Father tells me off, think I do things to please self, only doing it for him

I’m currently trying to finsih up college, and I want to take classes I want to take, he only wants me to take classes that help me graduate (translation: out of his life forever). The thing is: he acts like the two are mutually exclusive. I wouldn’t be in this mess if I was allowed to move when given the chance, and could decide my own future and schedule, instead of living for him!

So what are you going to do? have you tried talking? If he won’t listen to you maybe ask someone else to try and explain that the classes you choose are the ones that are best for you.

(Not sure if you were soliciting advise, or just venting)

If you are of college age, why do you need anyone’s permission to move? Or to determine your own futurs and schedule?

Who is paying the tab for college? I’d say that person has considerable say over what their $ is going towards.

Sounds to me like your father is paying your way. And therefore, thinks he has control over what classes you take.
I would suggest getting a job, and/or taking some student loans to pay for it on your own. However, if you have a father who exerts that much control over you, I’d say that would be an uphill battle non-the-less. If talking to him does not work, show him you mean business by getting a full-time job.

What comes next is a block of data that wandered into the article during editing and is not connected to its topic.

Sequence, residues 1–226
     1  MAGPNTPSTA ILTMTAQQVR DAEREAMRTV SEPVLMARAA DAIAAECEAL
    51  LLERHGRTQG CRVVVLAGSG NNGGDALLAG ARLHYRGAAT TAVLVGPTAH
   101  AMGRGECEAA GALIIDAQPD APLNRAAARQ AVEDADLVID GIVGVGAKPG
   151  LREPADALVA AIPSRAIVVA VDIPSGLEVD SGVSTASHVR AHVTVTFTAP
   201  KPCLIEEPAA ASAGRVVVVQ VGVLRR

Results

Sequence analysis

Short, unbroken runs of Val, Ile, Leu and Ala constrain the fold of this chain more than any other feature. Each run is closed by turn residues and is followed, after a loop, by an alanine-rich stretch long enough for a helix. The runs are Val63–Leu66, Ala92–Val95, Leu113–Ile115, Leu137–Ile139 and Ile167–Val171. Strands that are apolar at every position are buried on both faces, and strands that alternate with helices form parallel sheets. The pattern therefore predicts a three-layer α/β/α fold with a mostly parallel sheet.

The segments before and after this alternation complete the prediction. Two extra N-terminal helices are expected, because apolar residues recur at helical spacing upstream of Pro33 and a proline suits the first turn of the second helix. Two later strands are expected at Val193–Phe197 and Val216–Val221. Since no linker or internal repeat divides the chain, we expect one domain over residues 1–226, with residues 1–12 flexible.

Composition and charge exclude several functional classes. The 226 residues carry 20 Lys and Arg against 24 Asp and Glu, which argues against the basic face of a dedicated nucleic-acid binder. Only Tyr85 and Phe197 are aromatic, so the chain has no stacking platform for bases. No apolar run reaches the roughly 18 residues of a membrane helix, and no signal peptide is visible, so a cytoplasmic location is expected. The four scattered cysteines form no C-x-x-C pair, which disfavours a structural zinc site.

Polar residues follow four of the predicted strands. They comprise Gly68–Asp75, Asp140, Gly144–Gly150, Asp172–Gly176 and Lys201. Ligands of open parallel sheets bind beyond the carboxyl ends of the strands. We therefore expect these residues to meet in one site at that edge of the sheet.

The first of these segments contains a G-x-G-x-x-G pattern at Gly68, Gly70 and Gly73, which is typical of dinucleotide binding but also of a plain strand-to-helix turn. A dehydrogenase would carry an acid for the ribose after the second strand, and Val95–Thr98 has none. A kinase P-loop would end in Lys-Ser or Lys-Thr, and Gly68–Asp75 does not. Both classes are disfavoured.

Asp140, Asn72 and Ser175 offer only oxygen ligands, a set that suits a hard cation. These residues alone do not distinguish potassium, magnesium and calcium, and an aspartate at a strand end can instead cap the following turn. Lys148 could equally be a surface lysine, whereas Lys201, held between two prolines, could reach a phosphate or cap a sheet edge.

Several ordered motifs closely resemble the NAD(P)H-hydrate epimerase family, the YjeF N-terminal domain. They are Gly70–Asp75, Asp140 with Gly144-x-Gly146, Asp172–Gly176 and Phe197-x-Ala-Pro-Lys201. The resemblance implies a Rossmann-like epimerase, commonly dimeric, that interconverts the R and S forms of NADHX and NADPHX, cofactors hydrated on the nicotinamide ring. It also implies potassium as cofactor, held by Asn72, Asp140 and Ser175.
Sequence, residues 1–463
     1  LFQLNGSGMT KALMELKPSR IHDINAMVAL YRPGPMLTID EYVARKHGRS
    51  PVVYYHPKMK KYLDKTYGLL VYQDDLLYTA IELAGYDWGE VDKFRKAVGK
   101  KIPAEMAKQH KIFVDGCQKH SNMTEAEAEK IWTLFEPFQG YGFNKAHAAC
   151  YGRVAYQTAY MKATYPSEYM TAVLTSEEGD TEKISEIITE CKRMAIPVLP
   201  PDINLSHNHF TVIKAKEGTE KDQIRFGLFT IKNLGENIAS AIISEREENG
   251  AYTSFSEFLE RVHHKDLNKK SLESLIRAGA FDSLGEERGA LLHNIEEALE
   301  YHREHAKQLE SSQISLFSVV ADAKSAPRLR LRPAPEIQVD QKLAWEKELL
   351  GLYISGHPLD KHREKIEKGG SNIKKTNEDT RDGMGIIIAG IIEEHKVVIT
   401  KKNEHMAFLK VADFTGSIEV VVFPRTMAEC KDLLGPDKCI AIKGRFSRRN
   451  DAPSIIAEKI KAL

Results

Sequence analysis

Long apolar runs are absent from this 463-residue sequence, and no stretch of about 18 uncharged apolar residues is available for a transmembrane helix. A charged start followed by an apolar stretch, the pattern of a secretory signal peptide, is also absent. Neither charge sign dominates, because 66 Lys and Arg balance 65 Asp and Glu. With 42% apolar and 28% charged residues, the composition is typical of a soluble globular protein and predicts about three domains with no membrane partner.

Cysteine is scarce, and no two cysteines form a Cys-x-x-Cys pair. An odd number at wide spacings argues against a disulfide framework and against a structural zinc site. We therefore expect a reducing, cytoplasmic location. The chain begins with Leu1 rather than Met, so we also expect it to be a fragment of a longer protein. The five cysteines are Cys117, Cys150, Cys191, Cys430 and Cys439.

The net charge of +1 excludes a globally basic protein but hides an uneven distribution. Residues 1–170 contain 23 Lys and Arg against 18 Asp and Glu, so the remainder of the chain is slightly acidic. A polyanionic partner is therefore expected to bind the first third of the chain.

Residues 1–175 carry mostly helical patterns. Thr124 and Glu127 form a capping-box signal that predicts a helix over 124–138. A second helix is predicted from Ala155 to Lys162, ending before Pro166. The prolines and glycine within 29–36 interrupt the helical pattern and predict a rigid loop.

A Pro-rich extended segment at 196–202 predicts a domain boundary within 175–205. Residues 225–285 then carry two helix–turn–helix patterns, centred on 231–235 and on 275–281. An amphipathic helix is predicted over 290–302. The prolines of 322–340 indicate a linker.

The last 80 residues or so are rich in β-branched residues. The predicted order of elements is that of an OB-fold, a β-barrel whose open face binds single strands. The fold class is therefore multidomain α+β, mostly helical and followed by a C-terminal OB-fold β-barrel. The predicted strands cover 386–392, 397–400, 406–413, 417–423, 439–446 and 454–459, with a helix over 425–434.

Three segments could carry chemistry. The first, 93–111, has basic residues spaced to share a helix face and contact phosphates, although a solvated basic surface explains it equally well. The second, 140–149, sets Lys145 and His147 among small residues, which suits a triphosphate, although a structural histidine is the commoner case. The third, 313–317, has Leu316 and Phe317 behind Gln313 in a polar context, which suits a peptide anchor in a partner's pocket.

On the other hand if you are lazy, and sit around wanting him to pay for everything and you do nothing, there is little I can say in terms of advice.
And if you are in the USA, and over 18, you can move without his permission, and his money.
It’s the money isn’t it?

If you are after advise, some more info would be nice.

A thought occurs to me. He may only be doing what he precieves as best for you, of course your idea of what is best may be somewhat different.

But if that is what he’s trying to do, then cut him a little slack, and he’s proably been around for a little lnger than you, so if you listen he may have some good advice.

Of course on the other hand he may be a complete jerk, we haven’t met, so I don’t know.

I didn’t see this post. I am forced to disagree with Dinsdale. Parents who are footing the bill for their children, should want them to be happy in life, and being in college is something to be proud about. Why exert control over something that is for your child’s betterment and not your own?

Granted, if the kid is partying and getting shit grades, and really screwing up, then I would tend towards saying the father should step in.

More relevent info: I have student loans, which MAY be cancelled due to a voucher I have. He doesn’t care what I think, I’ve done most of what I’ve done the last few years for HIM, not because I wanted to do it. The reprecutions (sp?) are irrlevent to him, only that I had to live a lie to please him. HE wants me out of his life, and once I have my housing voucher, he’ll get his wish! (BTW I venting/soliciting, keep it coming)

Never live a lie for too long young grasshopper!

Get the job, get more student loans, and live on your own. Sounds like you want to, but lack the ability to. We can help. You just need to give more than your 50% right now. It’s going to be a struggle, but you’ll be fine with some perseverence. I went through it and only recently paid my first college off.

Me and my old man used to have a similar relationship when I was going to college.

He’s dead now, and I miss him and am sorry I let stupid, irrelivant shit get between us when he was alive. Can’t do anything about it now. Take that for what its worth.

Turn signal on between Fallon and Austin.